Thursday, 12 January 2012

CD Column in The Daily Yomiuri on 5th May 2007

By Stephen Taylor / Daily Yomiuri Staff Writer

Send Away The Tigers

Sony Music Japan, 2,520 yen

Anyone who has followed the Manic Street Preachers over the years won't be disappointed with Send Away The Tigers, a strong set of tunes that may not set new standards in music but promises much for anyone thinking of going to the Summer Sonic music festival in Osaka and Tokyo in August, which the band is booked to play.

Send Away The Tigers is the group's first album in more than two years--not that they've been living a rock 'n' roll existence of booze and drugs or festering in a recording studio in Switzerland like some self-indulgent 1970s progressive rock outfit.

Solo albums by vocalist and guitarist James Dean Bradfield--The Great Western--and bassist Nicky Wire--I Killed the Zeitgeist--were both released in 2006 to critical acclaim.

The break seems to have done them good, with the single, "Your Love Alone is Not Enough," featuring Cardigans' singer Nina Persson guesting on vocals, setting a strong pace.

Persson's plaintive vocals complement Bradfield's powerful delivery very well, and her contribution adds a sensitivity that has sometimes been missing in Manics songs in the past. If nothing else, should she ever perform the song live, Wire might not be the only band member wearing a skirt on stage.

The band's anthemic qualities are once more in evidence. Bradfield has never been shy of letting rip on his Gibson Les Paul and his penchant for posturing is there in all its glory on "Autumn Song," complete with a Guns 'n' Roses guitar riff that borders on parody.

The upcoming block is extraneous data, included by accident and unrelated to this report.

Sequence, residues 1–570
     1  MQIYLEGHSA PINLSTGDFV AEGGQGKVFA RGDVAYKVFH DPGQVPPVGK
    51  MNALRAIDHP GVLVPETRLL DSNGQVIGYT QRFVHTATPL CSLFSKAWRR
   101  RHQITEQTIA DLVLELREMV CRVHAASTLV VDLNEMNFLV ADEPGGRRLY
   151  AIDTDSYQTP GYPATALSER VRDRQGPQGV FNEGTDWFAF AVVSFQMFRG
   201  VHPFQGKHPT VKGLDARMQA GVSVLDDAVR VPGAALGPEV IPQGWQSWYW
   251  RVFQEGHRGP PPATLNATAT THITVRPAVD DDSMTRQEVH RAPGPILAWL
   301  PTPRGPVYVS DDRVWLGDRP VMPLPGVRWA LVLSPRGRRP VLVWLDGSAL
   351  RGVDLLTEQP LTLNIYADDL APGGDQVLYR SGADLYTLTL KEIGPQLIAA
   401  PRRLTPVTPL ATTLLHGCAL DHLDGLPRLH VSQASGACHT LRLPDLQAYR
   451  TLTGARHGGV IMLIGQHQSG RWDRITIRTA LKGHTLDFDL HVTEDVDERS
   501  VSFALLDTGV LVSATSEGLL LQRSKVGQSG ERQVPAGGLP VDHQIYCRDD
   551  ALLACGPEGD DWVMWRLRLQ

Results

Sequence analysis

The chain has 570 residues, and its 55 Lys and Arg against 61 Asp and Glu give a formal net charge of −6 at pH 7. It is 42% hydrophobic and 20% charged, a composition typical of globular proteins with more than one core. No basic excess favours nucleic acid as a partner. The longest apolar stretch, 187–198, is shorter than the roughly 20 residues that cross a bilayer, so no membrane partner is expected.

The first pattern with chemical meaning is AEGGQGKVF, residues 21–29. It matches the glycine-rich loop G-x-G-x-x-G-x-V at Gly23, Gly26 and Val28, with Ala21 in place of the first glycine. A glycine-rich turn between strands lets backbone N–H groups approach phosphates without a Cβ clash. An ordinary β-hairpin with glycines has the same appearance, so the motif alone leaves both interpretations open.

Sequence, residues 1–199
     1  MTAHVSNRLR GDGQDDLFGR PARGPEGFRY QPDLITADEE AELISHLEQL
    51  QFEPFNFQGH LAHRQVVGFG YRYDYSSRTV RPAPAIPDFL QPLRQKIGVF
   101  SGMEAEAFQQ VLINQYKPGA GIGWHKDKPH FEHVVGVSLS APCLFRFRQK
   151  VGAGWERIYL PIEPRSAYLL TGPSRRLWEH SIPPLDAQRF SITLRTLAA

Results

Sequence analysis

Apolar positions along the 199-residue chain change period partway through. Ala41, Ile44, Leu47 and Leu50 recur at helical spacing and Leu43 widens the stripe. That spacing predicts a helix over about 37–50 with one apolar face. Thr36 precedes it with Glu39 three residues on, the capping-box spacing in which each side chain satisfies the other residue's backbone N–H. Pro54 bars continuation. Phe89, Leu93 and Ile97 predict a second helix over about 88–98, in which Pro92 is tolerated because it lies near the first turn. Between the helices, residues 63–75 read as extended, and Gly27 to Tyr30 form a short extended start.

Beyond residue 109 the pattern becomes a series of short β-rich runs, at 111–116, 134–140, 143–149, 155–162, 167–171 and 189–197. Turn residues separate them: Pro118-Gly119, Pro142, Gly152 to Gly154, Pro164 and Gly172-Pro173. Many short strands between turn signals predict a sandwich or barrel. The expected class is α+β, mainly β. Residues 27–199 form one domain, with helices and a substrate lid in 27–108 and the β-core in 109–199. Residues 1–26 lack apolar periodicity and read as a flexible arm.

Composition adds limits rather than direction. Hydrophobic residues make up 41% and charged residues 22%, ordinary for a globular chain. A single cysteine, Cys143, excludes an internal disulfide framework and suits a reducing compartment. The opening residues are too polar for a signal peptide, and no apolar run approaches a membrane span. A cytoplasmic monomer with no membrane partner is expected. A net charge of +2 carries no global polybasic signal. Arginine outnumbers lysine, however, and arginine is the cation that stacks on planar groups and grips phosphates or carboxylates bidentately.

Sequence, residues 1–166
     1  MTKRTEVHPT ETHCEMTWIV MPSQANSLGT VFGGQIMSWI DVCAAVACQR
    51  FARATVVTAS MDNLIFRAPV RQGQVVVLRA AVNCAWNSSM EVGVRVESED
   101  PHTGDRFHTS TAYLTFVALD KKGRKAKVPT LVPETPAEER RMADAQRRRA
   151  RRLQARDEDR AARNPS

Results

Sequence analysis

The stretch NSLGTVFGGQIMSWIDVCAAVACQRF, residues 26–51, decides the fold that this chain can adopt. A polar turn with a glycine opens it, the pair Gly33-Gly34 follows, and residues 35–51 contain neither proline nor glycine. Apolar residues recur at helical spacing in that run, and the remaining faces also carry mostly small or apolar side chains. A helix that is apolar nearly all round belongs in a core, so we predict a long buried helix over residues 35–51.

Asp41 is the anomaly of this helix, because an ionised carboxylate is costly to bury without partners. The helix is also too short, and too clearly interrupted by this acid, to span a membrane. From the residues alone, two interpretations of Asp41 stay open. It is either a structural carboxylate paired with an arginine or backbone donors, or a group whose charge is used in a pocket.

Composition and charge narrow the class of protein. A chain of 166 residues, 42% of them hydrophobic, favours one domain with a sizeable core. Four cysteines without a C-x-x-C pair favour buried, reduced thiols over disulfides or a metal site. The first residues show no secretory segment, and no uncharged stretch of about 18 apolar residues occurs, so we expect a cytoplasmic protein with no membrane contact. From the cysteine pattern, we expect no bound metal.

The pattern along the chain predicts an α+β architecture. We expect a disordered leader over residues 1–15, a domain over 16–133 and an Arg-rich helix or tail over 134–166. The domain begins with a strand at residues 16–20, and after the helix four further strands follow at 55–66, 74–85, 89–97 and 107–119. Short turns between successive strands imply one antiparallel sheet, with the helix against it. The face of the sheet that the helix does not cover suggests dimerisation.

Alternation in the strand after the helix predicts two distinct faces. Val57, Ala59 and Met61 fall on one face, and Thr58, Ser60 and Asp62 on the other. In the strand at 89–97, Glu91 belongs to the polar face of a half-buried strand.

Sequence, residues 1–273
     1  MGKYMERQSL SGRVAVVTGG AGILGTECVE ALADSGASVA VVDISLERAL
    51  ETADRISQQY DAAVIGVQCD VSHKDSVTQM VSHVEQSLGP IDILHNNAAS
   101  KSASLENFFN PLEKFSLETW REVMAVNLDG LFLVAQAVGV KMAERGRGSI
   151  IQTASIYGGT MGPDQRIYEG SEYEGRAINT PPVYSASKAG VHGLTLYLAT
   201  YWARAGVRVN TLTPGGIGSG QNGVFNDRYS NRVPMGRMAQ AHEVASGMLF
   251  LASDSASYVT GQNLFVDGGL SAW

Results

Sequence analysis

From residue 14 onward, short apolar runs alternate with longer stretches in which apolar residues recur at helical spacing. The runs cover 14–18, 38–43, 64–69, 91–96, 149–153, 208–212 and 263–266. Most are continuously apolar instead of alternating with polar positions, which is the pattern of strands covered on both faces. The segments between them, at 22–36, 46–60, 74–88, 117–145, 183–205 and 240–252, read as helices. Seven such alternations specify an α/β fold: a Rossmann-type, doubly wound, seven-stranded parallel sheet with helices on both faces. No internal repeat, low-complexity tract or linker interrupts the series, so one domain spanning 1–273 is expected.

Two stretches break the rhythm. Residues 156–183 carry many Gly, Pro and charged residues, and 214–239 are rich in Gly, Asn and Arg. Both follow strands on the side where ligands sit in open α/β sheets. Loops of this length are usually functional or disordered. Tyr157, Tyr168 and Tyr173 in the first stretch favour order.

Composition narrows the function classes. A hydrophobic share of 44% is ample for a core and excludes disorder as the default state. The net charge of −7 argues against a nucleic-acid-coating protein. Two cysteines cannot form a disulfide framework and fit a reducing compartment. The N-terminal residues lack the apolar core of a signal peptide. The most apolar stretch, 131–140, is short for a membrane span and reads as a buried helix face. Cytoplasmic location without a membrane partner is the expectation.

By the end of the next track, "I'm Just a Patsy," another Spinal Tap-like departure, you'd be forgiven for thinking the Manics had metamorphosed into the Welsh Motley Crue (or should that be Cruw?).
Strangely, it doesn't appear out of place, merely adding to the variety of an impressive record with edge and vitality that should keep them real for the foreseeable future.

The Boy With No Name

Sony Music Japan, 2,520 yen

Travis are another group with a new release after a long hiatus. In Travis' case, The Boy With No Name is their first album since 12 Memories, almost four years ago.

From the opening bars of "3 Times and You Lose" it's clear that it was worth waiting for this impressive collection of catchy pop from the Glaswegian foursome.

The Boy With No Name finds them in a more positive mood with the trials and tribulations of domestic life to the fore in vocalist and songwriter Fran Healy's writing.

Healy has always had a knack for penning great tunes, and this album is no exception.

The single, "Closer," is a classic example of the group's slower, more reflective side and though it may lack the immediacy of old favorites, such as "Why Does It Always Rain On Me?" or "Sing," if you liked those numbers, you won't be disappointed.

And the good news is that if you buy the Japanese release, one of the album's bonus tracks, "Perfect Heaven Space," finds Travis back to their melodic best.

Like the Manic Street Preachers, Travis will be appearing at Summer Sonic, and new songs like "Battleships," a sensitive observation on the ups and downs of relationships, should sit nicely alongside older crowd pleasers.

In "My Eyes," Healy sings the refrain, "Welcome in, welcome in," to which one might say to Travis, "Welcome back."

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